Do the Sheryl Crow lyrics “This ain’t no disco / This ain’t no country club either / This is LA” make you want to hold a beer high up in the air? Do you feel most at home when wearing a cowboy hat on the beach? If the answer to either of these questions is yes, the odds are the latest micro trend on the scene—coastal cowgirl—will deeply resonate with you.
Having grown up along the coast of Texas, coastal cowgirl feels warmly familiar to me. (Finally, a trend that helps me explain at least a little about where I’m from!) It’s time for the Gulf Coast beaches that are less glamorously depicted than their East and West coast siblings to finally shine. So far, most people are extremely down for the coastal cowgirl lifestyle—a cursory look reveals that more than a few cowboy hat craft nights soundtracked by Fleetwood Mac have already occurred in the month since this officially became a thing. Sydney Sweeney has also joined in, recently seen wearing a monochromatic white eyelet set from her Frankies Bikinis collaboration with matching cowboy boots. The hashtag #coastalcowgirl already has over 64 million views on TikTok compared to the 22 million views of its predecessor, #coastalgrandma.
How coastal cowgirl translates to interiors is more nuanced than a cowboy hat and a pair of boots. Various clips on TikTok show Turkish throw pillows, linen duvets, reclaimed wood furniture, and vintage cowboy prints and knickknacks. One such video that I found was by Kyra Smolkin, a creative director living in Los Angeles. “I would say the base of this style is refined furniture made from woods, leathers, and airy fabrics,” she explains. “From there it’s just about layering on your favorite throws, hanging some vintage frames, and showing your personality through knickknacks you collect at your favorite [flea markets] or throughout your travels.”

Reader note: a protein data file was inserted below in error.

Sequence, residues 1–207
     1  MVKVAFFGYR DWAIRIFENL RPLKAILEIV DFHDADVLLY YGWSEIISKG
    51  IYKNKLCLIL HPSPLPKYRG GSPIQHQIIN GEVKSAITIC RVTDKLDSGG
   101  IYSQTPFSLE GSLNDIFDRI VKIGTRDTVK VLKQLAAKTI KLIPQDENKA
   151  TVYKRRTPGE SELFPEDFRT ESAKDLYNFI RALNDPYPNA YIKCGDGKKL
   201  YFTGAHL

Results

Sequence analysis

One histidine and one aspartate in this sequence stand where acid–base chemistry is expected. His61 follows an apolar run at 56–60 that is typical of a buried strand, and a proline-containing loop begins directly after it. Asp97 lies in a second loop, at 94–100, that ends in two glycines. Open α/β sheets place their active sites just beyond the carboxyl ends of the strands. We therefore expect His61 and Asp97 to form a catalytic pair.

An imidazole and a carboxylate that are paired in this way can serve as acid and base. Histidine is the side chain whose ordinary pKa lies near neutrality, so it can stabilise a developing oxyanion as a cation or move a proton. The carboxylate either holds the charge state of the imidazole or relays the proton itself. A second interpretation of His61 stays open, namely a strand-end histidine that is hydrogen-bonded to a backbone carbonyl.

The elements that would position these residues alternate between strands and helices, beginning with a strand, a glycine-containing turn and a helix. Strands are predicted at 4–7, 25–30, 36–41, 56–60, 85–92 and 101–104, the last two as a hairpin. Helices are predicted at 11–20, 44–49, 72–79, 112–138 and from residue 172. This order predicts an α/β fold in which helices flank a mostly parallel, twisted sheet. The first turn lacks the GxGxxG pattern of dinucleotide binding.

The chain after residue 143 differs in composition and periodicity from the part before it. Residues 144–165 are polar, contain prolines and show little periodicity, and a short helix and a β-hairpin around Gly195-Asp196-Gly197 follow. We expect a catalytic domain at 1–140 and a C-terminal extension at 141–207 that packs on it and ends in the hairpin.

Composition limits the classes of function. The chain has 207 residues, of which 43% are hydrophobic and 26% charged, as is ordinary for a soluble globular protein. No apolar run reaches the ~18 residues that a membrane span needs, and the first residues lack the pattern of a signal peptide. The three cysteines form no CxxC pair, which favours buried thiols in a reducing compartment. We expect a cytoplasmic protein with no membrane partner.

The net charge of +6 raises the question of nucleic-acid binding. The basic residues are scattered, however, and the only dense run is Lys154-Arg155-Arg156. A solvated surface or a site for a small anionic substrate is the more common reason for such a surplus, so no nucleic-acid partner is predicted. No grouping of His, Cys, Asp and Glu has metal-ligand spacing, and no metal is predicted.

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Coastal cowgirl is also a gold mine for brands in the business of fashion and home decor, as it blends two easily marketable and idealized lifestyles: the mythical American West with the sunsets and sun-washed linens of a house on the shore. The trend’s fashion can be both minimalist and maximalist, but the interior design version tends to stay more toned down.
This is exemplified in the Pacific Ranch aesthetic harnessed by designer Jenni Kayne. Last year, she renovated a quintessentially Californian ranch in Santa Ynez with a lot of quietly plush textures like bouclé chairs and linen curtains, whitewashed walls, and lighter-hued woods like oak and cedar. (Not to mention her family’s other sprawling LA property that is drenched in neutral tones.) “Whether you’re leaning more coastal or more cowgirl, there’s an inherent timelessness that brings each aesthetic to life—and that’s why they’re able to work together so well,” Jenni says.
Though the fashion side of coastal cowgirl is pretty straightforward in its Western roots, the interior design possibilities go beyond just vintage Americana. “I believe it’s influenced by effortless Californian style and Southern charm, but [it] also pulls from other areas of the world, like Mexico (think woven baskets and patterned Mexican blankets) or even France and Turkey, where many of the beautiful antiqued pots and 100-year-old cutting boards are sourced from,” Kyra says.